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A Nicely-Built 40-Core Raspberry Pi Cluster

Hardware

Published on 15 February 2014 05:03 PM EST
Written by Michael Larabel in Hardware
23 Comments

Raspberry Pi super-computing clusters have been attempted before, but usually they don't turn out as nice as this new one that's comprised of 40 Raspberry Pi boards inside of an acrylic chassis.

A Phoronix reader pointed out a new 40 Raspberry Pi Cluster built by David Guill. With 40 Raspberry Pi boards that amounts to 40 Broadcom BCM2835 700MHz cores, 20GB of RAM, 5TB of disk storage, about 440GB of flash storage, and 10/100 Ethernet. The approximate system cost of the full build was $3,000 USD.

Most interesting out of this Raspberry Pi cluster is the meticulous assembly and organization of all the Raspberry Pi ARM development boards inside a custom-built acrylic chassis. Those interested in checking out the experimental Raspberry Pi system can find details and pictures at LikeMagicAppears.com. Some YouTube videos are also embedded below.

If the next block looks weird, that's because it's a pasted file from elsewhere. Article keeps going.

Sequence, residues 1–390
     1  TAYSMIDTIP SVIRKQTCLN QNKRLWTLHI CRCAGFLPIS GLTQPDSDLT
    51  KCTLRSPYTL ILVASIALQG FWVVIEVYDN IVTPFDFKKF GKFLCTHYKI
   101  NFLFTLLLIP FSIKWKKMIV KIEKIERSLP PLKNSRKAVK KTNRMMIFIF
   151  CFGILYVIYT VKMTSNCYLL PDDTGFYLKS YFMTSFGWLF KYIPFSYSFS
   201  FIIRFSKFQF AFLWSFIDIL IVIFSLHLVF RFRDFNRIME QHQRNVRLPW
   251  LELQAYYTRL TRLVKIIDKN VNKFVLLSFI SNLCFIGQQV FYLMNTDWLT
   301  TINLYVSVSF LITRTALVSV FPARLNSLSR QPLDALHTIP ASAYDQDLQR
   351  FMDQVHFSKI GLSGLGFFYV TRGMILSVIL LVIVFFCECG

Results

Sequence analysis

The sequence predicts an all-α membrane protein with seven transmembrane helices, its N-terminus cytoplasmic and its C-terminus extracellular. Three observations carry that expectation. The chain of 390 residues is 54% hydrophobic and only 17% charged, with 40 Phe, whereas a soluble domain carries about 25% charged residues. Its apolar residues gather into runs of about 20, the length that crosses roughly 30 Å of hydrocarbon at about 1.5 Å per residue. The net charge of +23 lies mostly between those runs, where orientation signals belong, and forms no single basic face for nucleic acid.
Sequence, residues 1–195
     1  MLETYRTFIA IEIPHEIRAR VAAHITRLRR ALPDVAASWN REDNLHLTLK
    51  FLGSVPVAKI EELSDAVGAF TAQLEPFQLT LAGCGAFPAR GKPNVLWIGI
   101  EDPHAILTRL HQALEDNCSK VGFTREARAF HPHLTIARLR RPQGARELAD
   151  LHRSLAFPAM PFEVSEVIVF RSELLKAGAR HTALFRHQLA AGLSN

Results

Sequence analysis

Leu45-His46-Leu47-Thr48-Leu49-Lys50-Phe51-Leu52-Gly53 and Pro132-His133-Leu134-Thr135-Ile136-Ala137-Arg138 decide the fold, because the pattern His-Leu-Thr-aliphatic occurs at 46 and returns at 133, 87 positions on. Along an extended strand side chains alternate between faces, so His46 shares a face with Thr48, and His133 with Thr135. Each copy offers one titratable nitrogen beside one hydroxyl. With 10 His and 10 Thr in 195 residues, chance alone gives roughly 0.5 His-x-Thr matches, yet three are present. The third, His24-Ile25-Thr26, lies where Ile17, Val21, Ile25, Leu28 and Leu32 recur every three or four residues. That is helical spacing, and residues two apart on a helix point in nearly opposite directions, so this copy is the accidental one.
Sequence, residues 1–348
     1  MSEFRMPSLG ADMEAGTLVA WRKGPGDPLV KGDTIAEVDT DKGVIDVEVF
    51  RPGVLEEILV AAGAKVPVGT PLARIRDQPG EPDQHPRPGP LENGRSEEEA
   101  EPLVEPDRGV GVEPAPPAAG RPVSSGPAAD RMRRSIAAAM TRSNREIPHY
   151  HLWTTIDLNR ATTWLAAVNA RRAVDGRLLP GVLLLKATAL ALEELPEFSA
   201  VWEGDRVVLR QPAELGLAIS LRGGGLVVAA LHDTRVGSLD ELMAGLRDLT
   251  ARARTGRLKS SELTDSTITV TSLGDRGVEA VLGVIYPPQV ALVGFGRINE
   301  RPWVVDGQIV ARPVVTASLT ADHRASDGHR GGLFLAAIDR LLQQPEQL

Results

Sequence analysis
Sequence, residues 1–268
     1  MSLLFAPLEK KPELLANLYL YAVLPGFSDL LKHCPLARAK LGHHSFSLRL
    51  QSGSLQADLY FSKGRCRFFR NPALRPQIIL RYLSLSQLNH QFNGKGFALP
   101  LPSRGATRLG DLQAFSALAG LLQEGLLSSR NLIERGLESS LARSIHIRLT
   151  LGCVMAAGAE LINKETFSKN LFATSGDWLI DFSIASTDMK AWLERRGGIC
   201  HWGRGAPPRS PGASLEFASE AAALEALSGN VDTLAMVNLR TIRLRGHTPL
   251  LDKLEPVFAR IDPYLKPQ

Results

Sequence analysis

In the past at Phoronix we have dabbled with some ARM clusters but in the end the performance doesn't tend to be too good due to most ARM development boards being limited to 10/100 Ethernet (and only now seeing more Gigabit Ethernet) and poor disk I/O (but at least now there's more ARM boards with Serial ATA). The Raspberry Pi performance overall is quite poor and not too exciting even at a scale of 40 boards, besides the lower-cost compared to other ARM development platforms. If you are interested in this kind of stuff, checkout our building a 96-core ARM Ubuntu super-computer and the former 12-core PandaBoard ES cluster. On Phoronix you can find many ARM Cortex Linux benchmarks and via OpenBenchmarking.org with the Phoronix Test Suite having full ARM Linux support.


About The Author
Michael Larabel is the principal author of Phoronix.com and founded the web-site in 2004 with a focus on enriching the Linux hardware experience and being the largest web-site devoted to Linux hardware reviews, particularly for products relevant to Linux gamers and enthusiasts but also commonly reviewing servers/workstations and embedded Linux devices. Michael has written more than 10,000 articles covering the state of Linux hardware support, Linux performance, graphics hardware drivers, and other topics. Michael is also the lead developer of the Phoronix Test Suite, Phoromatic, and OpenBenchmarking.org automated testing software. He can be followed via and or contacted via .
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